I think that most of Afghanistan's finest journalistic minds concern themselves with serving an international audience, rather than their own nation. Consider someone like the talented Najibullah Quraishi, whose work I have the highest respect for. But how many Afghans have seen his documentaries for Frontline? Now I don't mean to say that Afghans should only work for Afghans, or that individuals don't have a right to pursue their ambitions to an international stage. Of course they do. But when you look at the phenomenon in aggregate, you see that the kind of economy that's been introduced to Afghanistan since 2001 has in many ways retarded the development of its institutions. My worry is that, as international interest and spending in Afghanistan diminishes, the relatively undeveloped Afghan media won't be up to the kind of economic and political pressures it will undoubtedly come

FA: The media is undergoing drastic changes because of the opportunities for independent journalism to write blogs and update stories online. What do you think about these phenomena? Can it change journalism in Afghanistan?

MA: I think the digital revolution is opening up some real democratic possibilities in journalism. From economic models that rely less on corporate control, to the ability to avoid censorship, to the diversity of voices that it enables, I do believe that the Internet is capable of changing journalism for the better, despite the drastic declines in revenue that the industry has suffered. That being said, there are potentially problematic aspects as well. When I go on my Afghan friends' Facebook pages, I often find many strange and conspiratorial 'viral' posts that blend fact and fiction and set them under provocative, and often misleading, photos. I know a lot of young people get their news from social media these days, and in a country that doesn't have strong journalistic traditions or institutions, I think it can leave people feeling rudderless and incapable of distinguishing reliable news from nonsense.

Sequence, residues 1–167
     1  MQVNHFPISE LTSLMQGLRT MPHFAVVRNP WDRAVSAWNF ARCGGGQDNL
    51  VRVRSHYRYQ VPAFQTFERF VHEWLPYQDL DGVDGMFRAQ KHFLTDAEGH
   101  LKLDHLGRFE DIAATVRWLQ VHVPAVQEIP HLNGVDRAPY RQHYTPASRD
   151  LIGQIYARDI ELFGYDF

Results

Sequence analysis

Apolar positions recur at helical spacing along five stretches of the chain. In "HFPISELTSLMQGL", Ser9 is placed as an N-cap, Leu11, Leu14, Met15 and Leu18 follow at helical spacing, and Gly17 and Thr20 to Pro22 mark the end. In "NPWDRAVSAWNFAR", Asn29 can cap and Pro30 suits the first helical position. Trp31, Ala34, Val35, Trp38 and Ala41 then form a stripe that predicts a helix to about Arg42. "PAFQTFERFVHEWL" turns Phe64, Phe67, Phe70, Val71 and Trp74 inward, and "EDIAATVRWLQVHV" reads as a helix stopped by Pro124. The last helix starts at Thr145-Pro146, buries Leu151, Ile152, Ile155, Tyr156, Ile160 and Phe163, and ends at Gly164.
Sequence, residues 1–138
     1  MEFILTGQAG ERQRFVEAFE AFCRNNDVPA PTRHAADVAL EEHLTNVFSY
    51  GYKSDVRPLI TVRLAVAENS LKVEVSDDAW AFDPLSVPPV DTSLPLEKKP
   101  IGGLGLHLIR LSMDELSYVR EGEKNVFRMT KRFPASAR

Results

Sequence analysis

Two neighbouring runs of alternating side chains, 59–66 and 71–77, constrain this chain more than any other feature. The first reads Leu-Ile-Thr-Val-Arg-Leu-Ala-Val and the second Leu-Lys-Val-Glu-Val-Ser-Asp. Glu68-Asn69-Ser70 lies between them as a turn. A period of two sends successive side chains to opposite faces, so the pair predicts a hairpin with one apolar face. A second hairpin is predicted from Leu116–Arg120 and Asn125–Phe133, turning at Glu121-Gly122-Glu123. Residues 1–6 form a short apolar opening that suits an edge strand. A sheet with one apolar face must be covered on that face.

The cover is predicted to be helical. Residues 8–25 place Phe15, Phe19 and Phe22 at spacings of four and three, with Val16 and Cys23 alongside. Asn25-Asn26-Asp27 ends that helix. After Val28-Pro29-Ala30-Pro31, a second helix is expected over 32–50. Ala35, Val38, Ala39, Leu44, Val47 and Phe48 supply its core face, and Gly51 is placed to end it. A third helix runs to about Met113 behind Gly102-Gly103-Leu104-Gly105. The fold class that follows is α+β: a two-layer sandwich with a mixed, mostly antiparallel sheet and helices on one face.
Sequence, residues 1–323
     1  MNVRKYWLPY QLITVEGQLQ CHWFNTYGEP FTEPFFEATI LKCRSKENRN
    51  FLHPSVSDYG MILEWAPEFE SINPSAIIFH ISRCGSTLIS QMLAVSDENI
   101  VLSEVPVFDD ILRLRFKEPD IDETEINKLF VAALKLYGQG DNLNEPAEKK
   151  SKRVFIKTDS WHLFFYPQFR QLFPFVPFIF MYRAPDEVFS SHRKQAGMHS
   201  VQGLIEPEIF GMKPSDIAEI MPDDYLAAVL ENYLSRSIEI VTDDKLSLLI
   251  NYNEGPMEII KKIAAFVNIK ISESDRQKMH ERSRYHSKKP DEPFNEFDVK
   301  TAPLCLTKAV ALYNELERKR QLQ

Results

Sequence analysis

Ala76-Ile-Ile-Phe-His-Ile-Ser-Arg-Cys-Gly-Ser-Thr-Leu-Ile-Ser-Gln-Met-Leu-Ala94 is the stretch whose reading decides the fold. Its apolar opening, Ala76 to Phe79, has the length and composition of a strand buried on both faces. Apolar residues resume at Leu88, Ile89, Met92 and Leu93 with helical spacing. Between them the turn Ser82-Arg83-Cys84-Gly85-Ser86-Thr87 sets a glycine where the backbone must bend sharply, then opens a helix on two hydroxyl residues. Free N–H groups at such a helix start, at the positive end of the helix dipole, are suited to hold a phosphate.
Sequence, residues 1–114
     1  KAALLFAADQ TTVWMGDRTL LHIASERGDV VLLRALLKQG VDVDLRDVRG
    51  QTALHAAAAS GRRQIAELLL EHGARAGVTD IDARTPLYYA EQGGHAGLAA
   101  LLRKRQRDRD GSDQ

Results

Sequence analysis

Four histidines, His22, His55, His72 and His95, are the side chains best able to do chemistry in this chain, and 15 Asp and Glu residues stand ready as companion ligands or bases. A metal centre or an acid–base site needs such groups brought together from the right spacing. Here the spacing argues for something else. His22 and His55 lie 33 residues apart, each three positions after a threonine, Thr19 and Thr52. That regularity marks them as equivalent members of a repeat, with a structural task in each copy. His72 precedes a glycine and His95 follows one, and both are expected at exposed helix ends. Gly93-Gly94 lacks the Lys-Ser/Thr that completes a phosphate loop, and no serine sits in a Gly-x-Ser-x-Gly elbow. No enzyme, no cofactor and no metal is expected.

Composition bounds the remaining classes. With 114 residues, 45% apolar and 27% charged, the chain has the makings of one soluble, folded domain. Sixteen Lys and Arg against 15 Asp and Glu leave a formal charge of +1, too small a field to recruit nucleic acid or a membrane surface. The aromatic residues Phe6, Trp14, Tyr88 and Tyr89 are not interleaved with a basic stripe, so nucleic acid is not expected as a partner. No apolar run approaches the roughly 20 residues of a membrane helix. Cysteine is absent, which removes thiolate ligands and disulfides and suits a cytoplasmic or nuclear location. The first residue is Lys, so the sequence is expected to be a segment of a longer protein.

That being said, it's important to remember that most Afghans still don't have access to the Internet, or even the kind of literacy that would allow them to take advantage of it. So the effects of the Internet on Afghan journalism are still in an early stage.

FA: What is your advice for young Afghans who are interested in pursuing a career in journalism?

MA:  My advice to young Afghans interested in journalism would be the same that I give to young people anywhere. First learn the basics, by schooling if it's available to you, but most importantly by teaching yourself. Read as much as you can, and examine whatever you find most admirable and interesting. Try to understand how and why the writer has written a piece--reverse-engineer it, so to speak. You should be reading twenty times as much as you write. Once you've begun to educate yourself, reach out to experienced journalists that you admire, ask to take them out for a coffee or send them an email--we don't bite. Do remember, though, that we tend to be busy, so try to inform yourself about their work in advance and ask specific, rather than general, questions.

Photo Credit: Matthieu Aikins

Fereshteh Forough